I realized later on that this man’s prejudice and hatred of me was based solely on a sort of collectivist logic. By using that term, I don’t mean merely leftward progressivism – collectivism is the idea that people can be reduced to, and explained according to group interests. It is an idea which promotes stereotypes, prejudice, and hatred. We can all think of examples that permeate the current political and cultural dialogue which are based in this fallacy. If you look on social media you will see political or cultural discussions quickly escalate to these broad stereotypical conclusions that judge an individual or entire group from a collectivist lens. Following are some examples that I have recently seen online. Rebekah Caldwell Mason is like many other women in Montgomery politics. Republicans are all corrupt. Black men are all thugs. Millennials are lazy and want everything for free. Democrats hate America. Libertarians are pot heads. Conservatives are extremists. The media is all liberal and biased. These statements are the result of acceptance of the idea of collectivism; they are not based in reason. We all know that there are caring, loving, smart and well-intentioned people in each of these categories. As Martin Luther King Jr. said, “I look to a day when people will not be judged by the color of their skin, but by the content of their character.”
The acceptance of this tribalist sort of collectivism has led to a negative perception of Alabama. The people of Alabama are not synonymous with the state government. Mike Hubbard nor Robert Bentley upheld their duty to the people of Alabama, and they both misled the public; but Alabama is much more than its government. The entire state should not be judged by a few very powerful people. As an Alabamian, I am proud to be from Alabama. I am proud of what private individuals in Alabama are doing right this moment. Our religious institutions, private philanthropic organizations, schools, neighborhoods, and families are all made up of individuals. We are the full sum of each and every man, women, and child, divisible, unique, of value and merit, but with mistakes included .
Progress more often comes in form like a general current, as each individual Alabamian every day makes decision after decision, and act after act. Sometimes these decisions and acts are not the best, but if, as I believe, most days good people do good things, the general tide of progress will rise ever higher and higher. This is thanks to the merits of individual people, each making innumerable positive decisions each and every day. Alabama’s identity does not reside within the Governor’s mansion, but with each and every individual Alabamian. It is because I reject collectivism and collective guilt this week I can still say that I am glad to be an Alabamian. It may be trite to reference the band Lynryd Skynryd, but the outsiders from Florida had a great point – the actions of “the Governor”, or indeed any politician, cannot be held to condemn an entire people.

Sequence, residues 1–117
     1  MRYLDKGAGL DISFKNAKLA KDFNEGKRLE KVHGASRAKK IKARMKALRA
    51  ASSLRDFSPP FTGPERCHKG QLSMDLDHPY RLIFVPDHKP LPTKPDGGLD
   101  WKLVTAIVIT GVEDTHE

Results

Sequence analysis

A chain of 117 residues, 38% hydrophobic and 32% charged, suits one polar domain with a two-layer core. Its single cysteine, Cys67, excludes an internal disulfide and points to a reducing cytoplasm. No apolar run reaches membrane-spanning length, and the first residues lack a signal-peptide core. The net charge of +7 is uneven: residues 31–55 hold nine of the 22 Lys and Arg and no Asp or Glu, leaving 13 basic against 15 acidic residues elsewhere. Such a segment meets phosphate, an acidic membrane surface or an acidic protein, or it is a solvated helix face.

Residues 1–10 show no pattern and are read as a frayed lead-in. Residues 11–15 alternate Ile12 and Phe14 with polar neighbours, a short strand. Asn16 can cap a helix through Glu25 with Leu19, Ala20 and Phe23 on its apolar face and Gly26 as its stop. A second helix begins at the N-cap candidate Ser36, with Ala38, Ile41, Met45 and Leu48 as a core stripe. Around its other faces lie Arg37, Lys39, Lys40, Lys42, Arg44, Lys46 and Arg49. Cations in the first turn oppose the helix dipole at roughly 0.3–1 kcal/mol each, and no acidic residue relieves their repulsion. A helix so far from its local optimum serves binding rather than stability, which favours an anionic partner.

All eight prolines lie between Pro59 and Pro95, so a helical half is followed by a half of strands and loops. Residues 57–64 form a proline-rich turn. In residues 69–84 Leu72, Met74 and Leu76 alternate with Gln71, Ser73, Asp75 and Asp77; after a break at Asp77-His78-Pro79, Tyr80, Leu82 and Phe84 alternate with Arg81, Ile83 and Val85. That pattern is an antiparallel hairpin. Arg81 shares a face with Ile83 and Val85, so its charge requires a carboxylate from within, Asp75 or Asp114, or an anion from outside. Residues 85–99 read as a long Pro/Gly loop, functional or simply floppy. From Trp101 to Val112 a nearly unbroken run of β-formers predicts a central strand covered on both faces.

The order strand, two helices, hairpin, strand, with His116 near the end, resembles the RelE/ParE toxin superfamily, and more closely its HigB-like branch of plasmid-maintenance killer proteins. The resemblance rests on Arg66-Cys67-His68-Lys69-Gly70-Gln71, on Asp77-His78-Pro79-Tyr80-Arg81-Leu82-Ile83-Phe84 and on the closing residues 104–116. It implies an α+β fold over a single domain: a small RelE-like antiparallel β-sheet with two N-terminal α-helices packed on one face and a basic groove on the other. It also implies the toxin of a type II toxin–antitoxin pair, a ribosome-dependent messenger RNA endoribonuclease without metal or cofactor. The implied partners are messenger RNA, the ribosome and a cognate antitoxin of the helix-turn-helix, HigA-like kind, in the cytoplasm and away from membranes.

Deborah Love is Executive Director of Eagle Forum of Alabama, a Conservative grass-roots public policy organization dedicated to sound public policy solutions in Alabama and Washington DC.
|Please contact Governor Ivey ASAP and ask her to protect the freedom of religion in Alabama, her churches and their members. Ask her to sign The Child Placing Agency Inclusion Act (HB24/SB145) without any executive amendment and without delay! To contact the Governor’s office, call: 1-334-242-7100 AND email by going to: governor.Alabama.gov/contact.
This act protects church and religious operated state-licensed adoption agencies from being required to make same sex adoption placements in violation of their religious beliefs based on scriptural marriage. With the 2015 Obergefell SCOTUS opinion legalizing same sex marriage, regulations are expected requiring same sex marriage placements. Already in Massachusetts, Illinois, Washington, DC and San Francisco, Christian adoption agencies have closed.
Adoption is an important alternative to abortion. We cannot afford the closing down of 30% of Alabama adoptions done by the affected agencies.
The Human Rights campaign, a heavily financed LGBTQ lobbying organization, abortion interests and others have opposed these bills, but they passed both houses with large margins. Now, we are told that Google, AT&T and Apple are pressuring Governor Ivey to add the amendment. Please let our new Governor know that we need her to stand with the Alabama Christian Community and sign the act.
This issue is about more than protecting innocent life; it is about the very essence of religious freedom. In committee, Christians were said to be intolerant and discriminatory. Our religious beliefs were expected to be secondary to the desires of homosexuals.
This is our first confrontation in Alabama with the gay rights agenda. If we do not stand firm now, we will face increased opposition. Those organizations that oppose us because of what we believe, will coalesce; and we will find we have little or no voice in protecting our values. Large corporations, gay rights advocates, abortion interests, gambling interests, and you name it, will be telling us how to live. Our sincerely held religious beliefs dictate against what they want. We must act now to protect our rights for ourselves and our posterity. We must not allow those who advocate unhealthy lifestyles to discriminate against us and against Christian ministries, nor advance their agenda at the expense of vulnerable youth and the whole of society.
We are indebted to Eric Johnston of Southeast Law Institute for much of the foregoing explanation.